Two decades into the 21st century, in the midst of a pandemic that has forced people to work and go to school remotely, broadband connections fail to reach millions of Americans. Communities in many areas are struggling with this handicap, especially in the rural West. Our panel will examine what we know and don’t know about the severity of the problem and what it will take to fix it. We also discuss the technological, financial, and legal barriers that impede the widespread availability of broadband, despite its essential role in education and telemedicine. Underlying everything is one basic question: does the country have the will and the resources to ensure everyone is connected? How do we get there?
Martha Guzman Aceves, member, California Public Utility Commission. Broadband access and equity are the major focus for Commissioner Martha Guzman Aceves. Governor Jerry Brown appointed her to the CPUC in 2016 after she amassed 20 years of policy experience at the United Farm Workers, the California Rural Legal Assistance Foundation and as deputy legislative affairs secretary for Gov. Brown. She has a Bachelor of Science from Georgetown University and a Master of Science from the University of California at Davis.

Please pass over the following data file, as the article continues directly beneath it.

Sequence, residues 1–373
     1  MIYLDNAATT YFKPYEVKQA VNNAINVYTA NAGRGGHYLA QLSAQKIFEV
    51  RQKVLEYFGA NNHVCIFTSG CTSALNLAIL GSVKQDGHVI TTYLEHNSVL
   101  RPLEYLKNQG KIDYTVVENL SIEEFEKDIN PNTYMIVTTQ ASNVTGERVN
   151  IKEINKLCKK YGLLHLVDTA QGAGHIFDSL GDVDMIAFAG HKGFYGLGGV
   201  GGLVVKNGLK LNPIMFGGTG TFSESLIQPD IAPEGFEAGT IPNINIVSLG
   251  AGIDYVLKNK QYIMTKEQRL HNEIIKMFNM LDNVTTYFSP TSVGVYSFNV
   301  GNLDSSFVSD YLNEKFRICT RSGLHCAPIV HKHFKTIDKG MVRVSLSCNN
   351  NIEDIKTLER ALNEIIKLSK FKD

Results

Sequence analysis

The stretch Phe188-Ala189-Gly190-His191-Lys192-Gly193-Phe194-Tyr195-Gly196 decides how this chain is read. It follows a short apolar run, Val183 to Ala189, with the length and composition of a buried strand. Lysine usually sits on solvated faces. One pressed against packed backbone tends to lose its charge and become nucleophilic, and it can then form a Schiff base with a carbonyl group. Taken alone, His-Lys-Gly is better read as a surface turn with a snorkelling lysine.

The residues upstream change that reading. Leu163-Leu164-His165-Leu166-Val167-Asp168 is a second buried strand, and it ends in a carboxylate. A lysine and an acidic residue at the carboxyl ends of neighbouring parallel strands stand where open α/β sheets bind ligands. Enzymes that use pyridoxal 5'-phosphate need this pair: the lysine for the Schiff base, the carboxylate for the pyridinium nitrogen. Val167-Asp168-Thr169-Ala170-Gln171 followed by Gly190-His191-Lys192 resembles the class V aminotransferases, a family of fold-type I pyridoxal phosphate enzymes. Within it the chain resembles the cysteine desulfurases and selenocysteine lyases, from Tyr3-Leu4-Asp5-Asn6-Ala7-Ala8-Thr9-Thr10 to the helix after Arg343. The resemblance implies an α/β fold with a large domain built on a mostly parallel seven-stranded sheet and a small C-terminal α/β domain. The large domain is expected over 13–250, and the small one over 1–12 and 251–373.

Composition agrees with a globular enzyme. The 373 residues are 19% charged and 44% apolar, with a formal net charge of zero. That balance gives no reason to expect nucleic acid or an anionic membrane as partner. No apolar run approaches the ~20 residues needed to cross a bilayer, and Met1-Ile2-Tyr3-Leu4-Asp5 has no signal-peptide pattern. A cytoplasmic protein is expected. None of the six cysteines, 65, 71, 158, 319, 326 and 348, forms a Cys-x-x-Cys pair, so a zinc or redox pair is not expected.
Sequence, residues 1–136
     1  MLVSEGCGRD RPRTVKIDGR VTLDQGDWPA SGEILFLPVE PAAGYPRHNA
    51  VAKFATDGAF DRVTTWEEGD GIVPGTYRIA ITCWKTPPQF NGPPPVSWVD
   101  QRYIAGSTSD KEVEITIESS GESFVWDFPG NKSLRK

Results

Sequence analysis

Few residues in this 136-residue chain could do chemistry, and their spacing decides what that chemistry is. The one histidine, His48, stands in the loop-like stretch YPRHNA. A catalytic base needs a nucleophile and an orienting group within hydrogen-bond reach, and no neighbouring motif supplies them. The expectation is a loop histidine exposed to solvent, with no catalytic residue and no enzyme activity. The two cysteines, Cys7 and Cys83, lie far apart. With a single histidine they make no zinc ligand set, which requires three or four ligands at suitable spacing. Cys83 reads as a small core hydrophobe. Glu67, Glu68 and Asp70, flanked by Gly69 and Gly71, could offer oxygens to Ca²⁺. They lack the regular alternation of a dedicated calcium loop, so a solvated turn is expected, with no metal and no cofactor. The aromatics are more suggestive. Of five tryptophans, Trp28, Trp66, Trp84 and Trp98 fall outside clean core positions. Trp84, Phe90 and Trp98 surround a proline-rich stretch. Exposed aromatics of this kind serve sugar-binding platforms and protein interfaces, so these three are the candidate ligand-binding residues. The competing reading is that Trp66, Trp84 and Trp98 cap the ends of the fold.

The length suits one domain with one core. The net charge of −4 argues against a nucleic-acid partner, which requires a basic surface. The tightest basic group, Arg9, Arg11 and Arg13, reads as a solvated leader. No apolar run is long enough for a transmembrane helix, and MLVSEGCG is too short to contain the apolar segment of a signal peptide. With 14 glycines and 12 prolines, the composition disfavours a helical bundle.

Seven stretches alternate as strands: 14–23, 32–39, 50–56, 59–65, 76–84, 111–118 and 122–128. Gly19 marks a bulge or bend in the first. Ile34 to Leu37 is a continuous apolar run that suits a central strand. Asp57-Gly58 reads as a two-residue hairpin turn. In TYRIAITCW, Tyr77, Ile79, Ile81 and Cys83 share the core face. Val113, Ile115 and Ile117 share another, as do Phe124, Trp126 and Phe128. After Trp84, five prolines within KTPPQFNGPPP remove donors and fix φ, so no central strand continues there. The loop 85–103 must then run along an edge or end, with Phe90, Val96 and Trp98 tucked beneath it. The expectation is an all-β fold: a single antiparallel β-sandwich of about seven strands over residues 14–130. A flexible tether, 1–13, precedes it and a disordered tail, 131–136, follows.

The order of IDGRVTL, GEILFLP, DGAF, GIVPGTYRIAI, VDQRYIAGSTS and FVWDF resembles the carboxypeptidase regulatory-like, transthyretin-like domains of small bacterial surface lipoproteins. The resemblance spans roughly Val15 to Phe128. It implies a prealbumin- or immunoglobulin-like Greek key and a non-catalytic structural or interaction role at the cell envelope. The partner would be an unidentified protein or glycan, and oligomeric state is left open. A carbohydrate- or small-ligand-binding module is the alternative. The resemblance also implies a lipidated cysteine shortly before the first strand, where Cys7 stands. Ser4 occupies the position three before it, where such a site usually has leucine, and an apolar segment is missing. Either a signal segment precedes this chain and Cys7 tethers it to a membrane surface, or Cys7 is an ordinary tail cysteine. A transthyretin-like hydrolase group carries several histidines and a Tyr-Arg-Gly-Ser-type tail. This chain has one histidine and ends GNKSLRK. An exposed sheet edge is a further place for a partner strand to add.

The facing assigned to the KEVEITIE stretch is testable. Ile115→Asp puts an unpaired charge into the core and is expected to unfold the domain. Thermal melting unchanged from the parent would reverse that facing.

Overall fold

Geoffrey C. Blackwell, a member of the Creek nation, is the Chief Strategy Officer and General Counsel at AMERIND, the only 100% Tribally owned provider of insurance solutions in Indian Country. Almost all of the $14 billion worth of buildings and physical infrastructure it manages are on the wrong side of the digital divide. Before joining AMERIND, Mr. Blackwell served as the founding Chief of the Federal Communications Commission's Office of Native Affairs and Policy.
Edyael Casaperalta is Project Manager at AMERIND Critical Infrastructure, which helps Tribal Nations develop and deploy broadband internet. Edyael brings extensive experience as a telecommunications and rural broadband policy analyst, and before joining AMERIND, she founded a Denver law firm focused on advancing broadband opportunities for rural and underrepresented communities.
Felicity Barringer Taubman, Bill Lane Center Writer-in-Residence